A suitable skill for someone who is to work with that emetic Tony Robinson I would have thought.
Re the BBC and Sky, here.
But here\’s a tidy sum the BBC could recoup for us all. The Murdoch press has relentlessly lobbied to cut the BBC back to a US-style small subscription service for unprofitable programmes. Now, while Murdoch is weakened, is the chance for the BBC to regain lost ground. Here\’s the big issue: when Margaret Thatcher helped Murdoch launch Sky with exemptions from EU broadcasting rules, she added another bonus. She made the BBC pay £10m a year to be transmitted on the Sky platform, although across the rest of Europe commercial broadcasters pay public broadcasters for the privilege of using their content. By rights Sky should pay many hundreds of millions. If the BBC withdrew, Sky would totter since BBC channels are by far the most watched by Sky subscribers, yet Sky charges an average £500 per customer, compared with the BBC\’s £145.50 licence fee –and yet the BBC massively outproduces Sky content. It\’s time Sky paid full value.
It\’s worth going through the comments to get the full, rampant, stupidity of this statement.
The first and most obvious point is that you must already have paid a TV licence fee in order to be able to watch Sky. Even if you don\’t in fact watch any of the BBC programmes at all. So the direction of subsidy seems wrong in the first place.
Then there\’s this:
I\’m sorry but this is just plain wrong.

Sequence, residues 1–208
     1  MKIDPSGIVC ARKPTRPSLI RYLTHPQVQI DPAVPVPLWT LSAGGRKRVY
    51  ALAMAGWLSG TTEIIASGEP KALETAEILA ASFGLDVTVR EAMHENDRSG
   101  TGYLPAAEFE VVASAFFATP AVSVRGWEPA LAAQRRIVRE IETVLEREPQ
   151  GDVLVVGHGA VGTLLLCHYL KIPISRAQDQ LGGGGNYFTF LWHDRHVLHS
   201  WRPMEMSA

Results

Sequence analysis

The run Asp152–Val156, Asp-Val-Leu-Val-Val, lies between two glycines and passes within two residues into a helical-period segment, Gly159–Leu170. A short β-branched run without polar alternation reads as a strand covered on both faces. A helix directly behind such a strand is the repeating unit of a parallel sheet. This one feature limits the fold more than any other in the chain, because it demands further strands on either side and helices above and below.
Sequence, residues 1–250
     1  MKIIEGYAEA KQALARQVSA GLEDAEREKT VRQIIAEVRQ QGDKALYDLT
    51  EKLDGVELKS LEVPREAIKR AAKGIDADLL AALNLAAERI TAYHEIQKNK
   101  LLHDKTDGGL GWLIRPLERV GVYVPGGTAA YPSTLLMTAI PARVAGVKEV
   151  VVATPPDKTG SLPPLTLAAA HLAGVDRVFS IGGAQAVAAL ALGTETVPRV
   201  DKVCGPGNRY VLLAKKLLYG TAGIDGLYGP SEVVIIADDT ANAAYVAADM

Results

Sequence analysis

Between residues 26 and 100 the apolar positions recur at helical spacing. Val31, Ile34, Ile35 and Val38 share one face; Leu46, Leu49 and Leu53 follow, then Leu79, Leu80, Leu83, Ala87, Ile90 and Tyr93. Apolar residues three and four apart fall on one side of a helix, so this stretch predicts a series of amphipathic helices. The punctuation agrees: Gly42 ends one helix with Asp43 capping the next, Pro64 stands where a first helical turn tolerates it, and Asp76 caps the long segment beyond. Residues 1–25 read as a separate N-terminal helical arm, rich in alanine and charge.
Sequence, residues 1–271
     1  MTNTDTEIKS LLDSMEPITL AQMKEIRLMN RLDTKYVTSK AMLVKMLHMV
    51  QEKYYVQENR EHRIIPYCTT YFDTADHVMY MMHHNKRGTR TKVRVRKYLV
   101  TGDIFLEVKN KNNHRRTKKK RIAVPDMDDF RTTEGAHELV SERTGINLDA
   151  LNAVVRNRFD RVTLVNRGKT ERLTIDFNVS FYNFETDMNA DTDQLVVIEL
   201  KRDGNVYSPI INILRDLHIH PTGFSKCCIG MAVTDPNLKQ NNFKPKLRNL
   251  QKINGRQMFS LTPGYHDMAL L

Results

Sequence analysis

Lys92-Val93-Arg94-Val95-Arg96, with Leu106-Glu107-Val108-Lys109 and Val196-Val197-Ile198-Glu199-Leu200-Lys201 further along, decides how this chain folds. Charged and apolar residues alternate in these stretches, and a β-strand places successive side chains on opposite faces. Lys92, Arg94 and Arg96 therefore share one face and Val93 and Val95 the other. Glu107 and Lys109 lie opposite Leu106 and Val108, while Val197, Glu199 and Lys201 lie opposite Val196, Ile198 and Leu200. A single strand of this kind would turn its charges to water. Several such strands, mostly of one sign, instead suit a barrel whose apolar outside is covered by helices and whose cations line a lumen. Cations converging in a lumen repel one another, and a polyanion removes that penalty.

Sky does not transmit BBC programmes or channels. The BBC rents transmitter (strictly transponder) space on satellites which are for the most part run by a Luxembourg based company called SES Astra. Those channels are what is called \”free to air\” which means that they can be picked up by any suitable satellite receiver. There are currently three kinds of receiver in the UK: Sky, Freesat and Generic.
Sky and Freesat both run Electronic Programme Guide systems. While these are seen by the user as a means of telling what\’s on, behind the scenes they give the receiver the information to tune in to the appropriate transmission. It is possible, but awkward, to receive channels that are not listed in the Sky EPG on a Sky receiver.
Sky\’s EPG is open in principle to all broadcasters at rates approved by Ofcom.
The BBC wants to be on Sky\’s EPG, at least for the time being, because it is afraid that if it were not then those households that take Sky would simply not watch BBC.
I\’m sorry Polly, but you\’re wrong on several counts.
Firstly, the BBC DOES NOT pay Sky £10million to be \”transmitted on the Sky platform\”, they pay that sum for regional variations to be supplied to the correct area\’s set-top boxes. Nobody forces the BBC to request that service, it\’s the BBC\’s choice.